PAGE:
These large containers can collect and store rainwater which can be used in the garden to mulch soil, water plants, rinse crops, wash cars and replace the need for sprinklers. Most plants also prefer the slightly more acidic pH of rainwater compared to tap water.
Take a Shower
A shower is more energy-efficient than taking a bath. According to the European Environment Agency, a shower uses about 30 to 80 liters of water, while a bath uses 150 to 200 liters. Installing a low-flow showerhead can further reduce your water and energy consumption as less water is used to shower, so less energy is needed to heat it.
With multiple uses, each day toilets consume a lot of energy. A low-flow or low-flush toilet is designed to use significantly less water than a standard full-flush toilet.
Turn off the Tap
You can also conserve water around the home by turning off the faucet while brushing your teeth or shaving, use a washing-up bowl when washing dishes, and fix leaks.
Install Solar Panels
Solar power which converts light from the sun into electricity can offer you a clean and renewable energy source that is beneficial for the environment as well as reduces your energy consumption.
Although there is an initial investment needed when fitting solar panels you will save money on your energy bills in the long term. The average home can save anywhere between $10,000 and $30,000 over the lifetime of their solar panels.
When generating your own electricity you will be consuming less from your energy provider helping you to be more self-reliant and reducing your dependence on non-renewable sources of energy such as fossil fuels.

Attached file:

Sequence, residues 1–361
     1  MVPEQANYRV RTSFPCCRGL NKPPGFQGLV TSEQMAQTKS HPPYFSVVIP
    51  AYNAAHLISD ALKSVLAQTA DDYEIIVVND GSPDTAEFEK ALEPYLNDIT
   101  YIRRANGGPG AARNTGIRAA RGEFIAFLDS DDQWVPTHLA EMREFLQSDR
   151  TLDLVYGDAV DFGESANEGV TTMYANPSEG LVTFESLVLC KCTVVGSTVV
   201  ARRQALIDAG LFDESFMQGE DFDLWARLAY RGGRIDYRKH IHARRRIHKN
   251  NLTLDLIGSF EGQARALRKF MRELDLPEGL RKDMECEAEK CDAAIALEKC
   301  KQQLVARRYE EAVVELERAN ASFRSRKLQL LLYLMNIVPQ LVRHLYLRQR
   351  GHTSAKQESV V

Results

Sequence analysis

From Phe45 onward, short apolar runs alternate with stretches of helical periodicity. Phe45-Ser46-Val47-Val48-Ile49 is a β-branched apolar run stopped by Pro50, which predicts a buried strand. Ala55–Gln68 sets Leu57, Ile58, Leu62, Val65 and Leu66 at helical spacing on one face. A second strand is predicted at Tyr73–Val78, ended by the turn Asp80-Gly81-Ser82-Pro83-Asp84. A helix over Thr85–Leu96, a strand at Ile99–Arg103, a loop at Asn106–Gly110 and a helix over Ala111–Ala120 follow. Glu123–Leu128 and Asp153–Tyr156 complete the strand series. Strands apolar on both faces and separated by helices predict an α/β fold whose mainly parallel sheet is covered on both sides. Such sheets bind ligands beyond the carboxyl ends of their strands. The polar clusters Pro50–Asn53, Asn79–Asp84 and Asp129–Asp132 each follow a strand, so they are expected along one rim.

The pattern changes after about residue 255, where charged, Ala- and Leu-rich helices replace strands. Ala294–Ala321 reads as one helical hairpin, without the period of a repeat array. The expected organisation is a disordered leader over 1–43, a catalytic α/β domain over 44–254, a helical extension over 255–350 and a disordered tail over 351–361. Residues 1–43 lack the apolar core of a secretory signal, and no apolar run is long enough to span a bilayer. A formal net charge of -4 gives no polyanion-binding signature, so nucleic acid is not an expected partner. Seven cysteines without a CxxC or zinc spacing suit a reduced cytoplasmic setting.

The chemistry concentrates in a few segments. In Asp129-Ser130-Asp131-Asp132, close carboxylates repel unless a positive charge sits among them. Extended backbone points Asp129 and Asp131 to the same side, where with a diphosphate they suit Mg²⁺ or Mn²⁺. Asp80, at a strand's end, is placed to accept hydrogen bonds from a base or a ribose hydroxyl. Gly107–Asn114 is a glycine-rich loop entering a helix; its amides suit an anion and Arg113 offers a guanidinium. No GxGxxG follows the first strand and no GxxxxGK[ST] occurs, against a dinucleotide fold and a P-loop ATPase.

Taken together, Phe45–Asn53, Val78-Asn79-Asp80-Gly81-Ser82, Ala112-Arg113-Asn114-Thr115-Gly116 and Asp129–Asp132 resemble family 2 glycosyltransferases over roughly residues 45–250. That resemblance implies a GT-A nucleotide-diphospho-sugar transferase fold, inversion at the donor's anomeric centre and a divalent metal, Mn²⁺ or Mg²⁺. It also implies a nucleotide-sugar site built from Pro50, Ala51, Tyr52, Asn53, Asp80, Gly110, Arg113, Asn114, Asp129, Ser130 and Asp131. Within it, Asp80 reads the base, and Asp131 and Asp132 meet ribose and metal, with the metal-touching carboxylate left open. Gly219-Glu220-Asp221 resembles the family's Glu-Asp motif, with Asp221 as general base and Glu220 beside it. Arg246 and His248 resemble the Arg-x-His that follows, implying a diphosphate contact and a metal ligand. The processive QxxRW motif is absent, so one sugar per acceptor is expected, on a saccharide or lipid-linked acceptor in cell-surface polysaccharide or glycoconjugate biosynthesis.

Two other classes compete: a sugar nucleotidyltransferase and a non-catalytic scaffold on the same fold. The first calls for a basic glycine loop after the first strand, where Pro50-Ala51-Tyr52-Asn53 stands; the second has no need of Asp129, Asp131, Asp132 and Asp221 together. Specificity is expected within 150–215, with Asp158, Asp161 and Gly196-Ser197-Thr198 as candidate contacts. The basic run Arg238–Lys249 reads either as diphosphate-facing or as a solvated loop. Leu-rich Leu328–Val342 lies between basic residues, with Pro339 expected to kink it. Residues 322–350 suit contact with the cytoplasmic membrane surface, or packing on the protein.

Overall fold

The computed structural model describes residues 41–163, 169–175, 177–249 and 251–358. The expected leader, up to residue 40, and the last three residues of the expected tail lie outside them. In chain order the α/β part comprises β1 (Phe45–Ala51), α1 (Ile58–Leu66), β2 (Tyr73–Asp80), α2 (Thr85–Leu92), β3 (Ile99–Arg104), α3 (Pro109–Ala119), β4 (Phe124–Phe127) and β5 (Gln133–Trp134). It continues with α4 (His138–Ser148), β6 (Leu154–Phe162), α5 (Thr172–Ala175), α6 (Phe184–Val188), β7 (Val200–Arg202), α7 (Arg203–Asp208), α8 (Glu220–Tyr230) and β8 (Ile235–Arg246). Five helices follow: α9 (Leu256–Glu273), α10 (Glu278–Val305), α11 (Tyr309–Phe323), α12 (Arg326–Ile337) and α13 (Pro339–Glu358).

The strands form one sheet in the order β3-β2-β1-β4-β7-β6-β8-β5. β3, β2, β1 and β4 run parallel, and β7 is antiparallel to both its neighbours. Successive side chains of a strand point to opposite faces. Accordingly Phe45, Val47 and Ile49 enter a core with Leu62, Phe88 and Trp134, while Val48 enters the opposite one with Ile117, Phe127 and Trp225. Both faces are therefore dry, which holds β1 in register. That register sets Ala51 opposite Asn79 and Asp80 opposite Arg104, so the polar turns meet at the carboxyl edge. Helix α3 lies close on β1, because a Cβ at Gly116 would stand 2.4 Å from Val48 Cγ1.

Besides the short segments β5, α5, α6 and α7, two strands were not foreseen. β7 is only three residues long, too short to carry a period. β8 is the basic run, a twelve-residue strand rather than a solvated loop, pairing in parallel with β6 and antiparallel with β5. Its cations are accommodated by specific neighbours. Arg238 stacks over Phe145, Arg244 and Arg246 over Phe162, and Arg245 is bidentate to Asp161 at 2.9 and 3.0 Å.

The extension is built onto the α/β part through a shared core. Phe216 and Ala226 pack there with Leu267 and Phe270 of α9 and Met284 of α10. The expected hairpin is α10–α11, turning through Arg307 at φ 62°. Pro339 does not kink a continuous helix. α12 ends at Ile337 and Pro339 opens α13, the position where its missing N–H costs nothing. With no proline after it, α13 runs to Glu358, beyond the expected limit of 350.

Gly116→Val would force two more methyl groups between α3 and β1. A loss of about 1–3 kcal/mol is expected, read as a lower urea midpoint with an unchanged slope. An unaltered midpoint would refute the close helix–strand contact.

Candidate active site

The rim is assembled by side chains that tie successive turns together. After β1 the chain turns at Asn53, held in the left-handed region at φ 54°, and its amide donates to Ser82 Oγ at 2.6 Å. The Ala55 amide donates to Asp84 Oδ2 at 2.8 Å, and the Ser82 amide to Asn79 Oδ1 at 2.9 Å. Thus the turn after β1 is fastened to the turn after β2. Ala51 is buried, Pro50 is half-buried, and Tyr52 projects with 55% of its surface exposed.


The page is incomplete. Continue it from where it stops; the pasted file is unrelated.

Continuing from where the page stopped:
The simple suggestions in this article, can go a long way to making your home more energy-efficient as well as protecting the environment and contributing to the welfare of the planet.
Frequently Asked Questions
Is It Enough to Replace Light Bulbs to Make a Home Energy-Efficient?
The very first thing that comes to mind about making your home energy-efficient is changing your lightbulbs, which is a great start. However, this is only the start. You should consider all the options presented above and, if necessary, look for other ways to improve the efficiency of the entire home. Check out the full guide for more info.
Can I Do Work on My AC Alone?
You should only consider minor tasks like changing AC filters and washing the interior unit as DIY projects. Anything else should only be done by trained HVAC professionals. Check out the full guide for more info.
Is There a Way to Save Money on Solar Panels?
In some parts of the US and the world, there are grants handed to people who want to install solar panels. This is an option to consider and it its available where you live, there is no reason not to take advantage of it. Check out the full guide for more info.
References and Useful Resources
Energy.gov: LED Lighting
Energy.gov: EnergySaver LED Lighting
EnergySage: How Much Do Solar Panels Save?
Environmental Protection Agency (EPA): Water Conservation
European Environmental Agency (EEA): Green Tips – Take a Shower Rather than a Bath!
Okeo: Energy-efficient Lighting: LED Lights – Economical and Flexible